August 15, 2010 in Nation/World

In brief: Jar removed from bear cub’s head

Associated Press photo

Biologists in Florida say that after at least 10 days with its head trapped in a jar, this bear cub was days away from death.
(Full-size photo)

Ocala, Fla. – A black bear cub in Florida affectionately known as “Jarhead” can finally enjoy a good meal.

A clear plastic container was removed from the 6-month-old cub’s head after being stuck for at least 10 days. The cub poked its head into the jar when digging through trash in a neighborhood in central Florida.

Biologists say the cub was days away from death because the jar made it impossible to eat or drink. The team had to tranquilize the mother bear and then grab the cub to remove the jar from the bear’s head.

The subdued mother was then put in a trap and the cubs followed. After she awoke and nursed the cubs, the bears were moved to a less populated area nearby.

8 killed by vehicle at off-road race

Los Angeles – A vehicle ran into a crowd and killed eight people during an off-road race Saturday night in the Southern California desert, authorities said.

San Bernardino County sheriff’s spokeswoman Cindy Bachman said one of the vehicles in the race called the California 200 plowed into the crowd Saturday night.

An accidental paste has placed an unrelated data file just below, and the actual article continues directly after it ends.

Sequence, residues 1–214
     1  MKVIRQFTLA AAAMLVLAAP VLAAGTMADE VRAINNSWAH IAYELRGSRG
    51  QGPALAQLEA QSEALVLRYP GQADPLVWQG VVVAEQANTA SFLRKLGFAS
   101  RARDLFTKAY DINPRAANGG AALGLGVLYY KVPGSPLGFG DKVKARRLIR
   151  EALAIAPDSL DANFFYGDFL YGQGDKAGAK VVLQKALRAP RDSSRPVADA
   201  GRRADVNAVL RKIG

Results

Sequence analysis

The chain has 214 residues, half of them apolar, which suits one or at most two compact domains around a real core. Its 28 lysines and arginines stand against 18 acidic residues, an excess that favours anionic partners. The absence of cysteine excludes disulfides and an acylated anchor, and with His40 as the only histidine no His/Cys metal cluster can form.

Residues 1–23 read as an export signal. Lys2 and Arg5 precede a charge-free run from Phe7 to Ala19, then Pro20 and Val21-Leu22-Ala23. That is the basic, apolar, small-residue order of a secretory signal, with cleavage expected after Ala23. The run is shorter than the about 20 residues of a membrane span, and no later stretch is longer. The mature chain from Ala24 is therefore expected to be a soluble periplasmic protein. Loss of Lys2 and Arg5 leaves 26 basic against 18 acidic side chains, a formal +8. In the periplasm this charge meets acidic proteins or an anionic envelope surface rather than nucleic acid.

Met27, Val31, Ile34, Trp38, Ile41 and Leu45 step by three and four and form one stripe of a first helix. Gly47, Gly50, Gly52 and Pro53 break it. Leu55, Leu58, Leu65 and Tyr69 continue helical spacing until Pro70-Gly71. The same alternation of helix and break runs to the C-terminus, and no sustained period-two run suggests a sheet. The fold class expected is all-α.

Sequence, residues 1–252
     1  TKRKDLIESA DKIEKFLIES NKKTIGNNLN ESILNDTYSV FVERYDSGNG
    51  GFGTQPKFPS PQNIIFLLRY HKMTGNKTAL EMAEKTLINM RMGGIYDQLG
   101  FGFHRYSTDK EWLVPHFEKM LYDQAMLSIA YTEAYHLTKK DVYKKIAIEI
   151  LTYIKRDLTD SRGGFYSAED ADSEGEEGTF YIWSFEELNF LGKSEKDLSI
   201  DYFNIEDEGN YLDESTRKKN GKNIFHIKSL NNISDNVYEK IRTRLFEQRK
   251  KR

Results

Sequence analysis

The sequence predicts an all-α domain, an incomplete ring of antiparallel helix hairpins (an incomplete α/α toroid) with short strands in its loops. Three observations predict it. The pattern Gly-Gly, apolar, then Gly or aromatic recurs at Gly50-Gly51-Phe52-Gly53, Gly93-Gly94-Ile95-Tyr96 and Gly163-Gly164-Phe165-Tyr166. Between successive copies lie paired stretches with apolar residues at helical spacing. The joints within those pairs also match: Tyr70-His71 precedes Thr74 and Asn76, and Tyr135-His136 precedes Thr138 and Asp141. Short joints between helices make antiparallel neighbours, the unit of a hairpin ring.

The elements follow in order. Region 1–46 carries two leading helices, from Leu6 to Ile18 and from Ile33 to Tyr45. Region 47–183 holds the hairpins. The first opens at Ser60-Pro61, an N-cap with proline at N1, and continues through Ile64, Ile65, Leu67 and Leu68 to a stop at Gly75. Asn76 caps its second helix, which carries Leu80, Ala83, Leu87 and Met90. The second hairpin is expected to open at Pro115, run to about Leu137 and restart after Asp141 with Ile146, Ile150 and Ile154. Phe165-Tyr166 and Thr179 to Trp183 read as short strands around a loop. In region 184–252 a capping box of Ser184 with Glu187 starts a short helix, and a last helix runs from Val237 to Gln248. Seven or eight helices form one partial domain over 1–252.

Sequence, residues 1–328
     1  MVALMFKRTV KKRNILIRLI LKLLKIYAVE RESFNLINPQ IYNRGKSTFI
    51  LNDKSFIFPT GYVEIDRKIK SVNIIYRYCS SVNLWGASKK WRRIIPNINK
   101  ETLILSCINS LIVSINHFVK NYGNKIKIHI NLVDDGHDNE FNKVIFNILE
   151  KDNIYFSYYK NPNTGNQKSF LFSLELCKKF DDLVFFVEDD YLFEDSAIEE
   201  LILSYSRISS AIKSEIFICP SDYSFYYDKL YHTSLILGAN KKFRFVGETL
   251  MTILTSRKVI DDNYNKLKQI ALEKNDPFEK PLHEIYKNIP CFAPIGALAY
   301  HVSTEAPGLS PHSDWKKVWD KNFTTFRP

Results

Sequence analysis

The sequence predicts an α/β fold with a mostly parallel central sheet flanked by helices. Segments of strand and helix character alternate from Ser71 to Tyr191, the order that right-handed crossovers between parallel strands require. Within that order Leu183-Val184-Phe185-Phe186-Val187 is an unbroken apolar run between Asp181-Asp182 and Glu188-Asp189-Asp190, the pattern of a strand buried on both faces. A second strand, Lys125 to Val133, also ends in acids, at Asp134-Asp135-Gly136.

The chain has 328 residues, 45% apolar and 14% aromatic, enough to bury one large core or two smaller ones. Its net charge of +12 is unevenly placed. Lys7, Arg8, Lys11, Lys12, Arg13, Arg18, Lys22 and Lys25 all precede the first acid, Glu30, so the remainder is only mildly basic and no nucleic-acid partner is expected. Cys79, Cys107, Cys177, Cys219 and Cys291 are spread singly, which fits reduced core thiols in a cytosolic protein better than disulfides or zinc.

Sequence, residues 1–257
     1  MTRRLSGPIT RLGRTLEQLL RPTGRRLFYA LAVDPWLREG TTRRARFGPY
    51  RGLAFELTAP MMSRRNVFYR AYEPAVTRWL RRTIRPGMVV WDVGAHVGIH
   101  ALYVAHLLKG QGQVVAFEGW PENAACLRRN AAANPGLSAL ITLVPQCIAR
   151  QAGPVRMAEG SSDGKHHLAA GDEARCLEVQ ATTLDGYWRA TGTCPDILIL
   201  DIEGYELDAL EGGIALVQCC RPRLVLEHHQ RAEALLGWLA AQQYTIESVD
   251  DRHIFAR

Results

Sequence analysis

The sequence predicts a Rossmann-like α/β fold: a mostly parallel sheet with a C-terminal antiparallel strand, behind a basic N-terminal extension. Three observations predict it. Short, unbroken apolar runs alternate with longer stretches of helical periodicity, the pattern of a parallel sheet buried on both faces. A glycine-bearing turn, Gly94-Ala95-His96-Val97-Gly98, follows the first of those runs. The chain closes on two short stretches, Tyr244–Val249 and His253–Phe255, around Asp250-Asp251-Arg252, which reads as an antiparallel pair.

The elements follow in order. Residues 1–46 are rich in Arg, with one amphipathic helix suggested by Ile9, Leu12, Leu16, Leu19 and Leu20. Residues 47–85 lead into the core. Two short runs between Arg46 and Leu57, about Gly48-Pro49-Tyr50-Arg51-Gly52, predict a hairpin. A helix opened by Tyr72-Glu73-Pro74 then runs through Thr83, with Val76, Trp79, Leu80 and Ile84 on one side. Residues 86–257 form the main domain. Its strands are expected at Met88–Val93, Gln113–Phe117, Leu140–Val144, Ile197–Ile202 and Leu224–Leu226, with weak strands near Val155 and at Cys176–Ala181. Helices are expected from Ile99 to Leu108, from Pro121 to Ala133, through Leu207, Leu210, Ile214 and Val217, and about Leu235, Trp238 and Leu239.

In addition to those killed, 12 people were injured and many of the wounded were airlifted to hospitals, she said.

The race was being held in Soggy Dry Lake Bed near the city of Lucerne Valley.

Pilot says clouds were low at time of crash

Anchorage, Alaska – A pilot flying in the area of this week’s Alaska plane crash that killed former Sen. Ted Stevens and four others has estimated that clouds were as low as 600 feet at the time of the crash, the National Transportation Safety Board’s chairwoman said Saturday.

Chairwoman Deborah Hersman said at a news conference that that is well below previous estimates of between 1,000 and 2,000 feet. The pilot of the small plane also told investigators that visibility was between five to seven miles, she said.

The cause of Monday’s crash on a remote mountainside in southwest Alaska hasn’t been determined.

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